Friday, February 20, 2015

A holding environment for ourselves and our lovers



The more we allow another person to truly matter to us, the more likely it is that just by being themselves, over time they will be sure to trigger just about everything that remains unresolved within us. To whatever degree we have not psychologically, emotionally, and somatically digested unmet feelings of dependency, abandonment, loneliness, grief, shame, and rage, we can count on our partners to continue to offer this opportunity to us, in a seemingly endless number of ways. We might come to see this as the unique gift of the beloved – his or her fiercely compassionate invitation into the burning alive crucible of intimacy, vulnerability, and healing.

We each come into adulthood with a bias toward connection, separateness or, disorganization. These strategies correspond to an early environment where our caregivers were not consistently available, engulfing, or abusive, respectively – as well as to avoidant, ambivalent-preoccupied, or disorganized attachment styles. As all of our emotional wounding arose in relationship, it is best untangled and unwound within a relational matrix. While solitary practice is immensely helpful in this area, many have come to discover that it is not enough – most meditative practice was simply not designed to work with this level of the developmental spectrum, intertwining with the unfolding of our subjectivity and traumatic narrative. This is not a fault of the meditative traditions; they are excellent at what they do, i.e. introducing and deepening the realization of one's true nature as open awareness itself. Many have found it helpful, skillful, and kind, however to explore pre-personal, personal, interpersonal, *and* transpersonal dimensions of what it means to be a human being, not getting lost in and over-emphasizing one at the expense of abandoning the others. 

The notion that a 'good' or 'healthy' relationship is one where we are 'met' by our partners is a fascinating topic, and spans multiple levels of inquiry (somatic, psychological, emotional, and neurobiological). As infants, we come to know who we are through having our experience mirrored back to us. Through consistent and attuned contact to our developing subjectivity, we are able to develop a sense of confidence, integration, and cohesion in our sense of self and unfolding nervous system.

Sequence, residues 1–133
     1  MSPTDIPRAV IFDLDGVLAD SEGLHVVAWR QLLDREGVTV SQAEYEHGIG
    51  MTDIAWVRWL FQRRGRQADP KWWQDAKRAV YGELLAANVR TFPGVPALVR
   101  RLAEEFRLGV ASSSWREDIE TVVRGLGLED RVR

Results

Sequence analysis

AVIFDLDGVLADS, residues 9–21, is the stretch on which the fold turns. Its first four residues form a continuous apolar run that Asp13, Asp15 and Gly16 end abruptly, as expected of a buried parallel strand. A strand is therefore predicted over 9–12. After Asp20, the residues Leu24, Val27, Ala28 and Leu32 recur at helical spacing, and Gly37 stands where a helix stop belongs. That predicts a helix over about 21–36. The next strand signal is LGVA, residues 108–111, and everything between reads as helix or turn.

While we carry forward this longing for mirroring into our adult lives, we may discover that it is not actually possible for another to provide this function for us, and the expectation that they do (which is often subtle and unconscious) is quite a burden to place upon them. As long as we are relying on our partners to mirror back to us our essential lovability and self-worth, we will not be able to live as love itself, open to our true nature, fully open to them, love them as subjects in their own right (not merely objects and functions in ours), and to take the risk that radical, transforming intimacy will always require. If we take this dependency to the extreme, of course we then end up in the very sticky territory of codependent dynamics of all sorts, shapes, and sizes. 

This is not to say that we cannot or should not ask for help from our partners and make requests of them to support us on the journey along the way. Of course we can and should do so, while simultaneously taking ultimate responsibility for our own experience, knowing they will not always be able to meet our needs. It is reasonable, healthy, and intelligent to ask our partners to be kind – to make contact with us and our emotional world, while not fusing with it – and to provide us the space that we need for our experience to unfold, illuminate, and transform on its own. These qualities of contact and space are the exact qualities that grow babies' brains and nervous systems – and are likewise supportive for us as adults to continue to mature, individuate, and move into deeper levels of awareness and sensitivity.

May we make the revolutionary commitment to offering a true holding environment – for ourselves, our lovers, and our fellow travelers – and above all else to practicing a wild and uncompromising kindness as we walk the path of love together. For it is a radical path that will demand everything from us... and even much more than that. Yet if we allow it, it comes bearing fruit beyond our wildest imagination. 


Art by Adam Martinakis
 

2 comments:

  1. This is excellent: a digest of many, many hours of reading and experience for sure. I think that as much as we withdraw projections from our intimate partners and take responsibility for our own emotional wellbeing and getting needs met... There exists alongside that the need to get out of harmful relationships that are based on cruelty and shaming, for example. And not spiritualize (spiritually bypass) our distress, in the hopes of keeping a duff situation alive. Some of us will have rationalised away our distress in childhood and overtolerated poor relational situations. Forgive the ramble! Peace be with us all, in our relationships.

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    1. Nice to hear from you, Sunny - I hope you're well. I completely agree with what you're saying here. At times, the kindest and most intelligent act we can take is that involving healthy masculine energy - setting boundaries, healthy aggression even, saying no, doing what we must to care for ourselves. The process of withdrawing projection by no means should be a way to encourage unhealthy codependency, abuse, cruelty, and so forth. Very important point - thank you for raising it. Take care.

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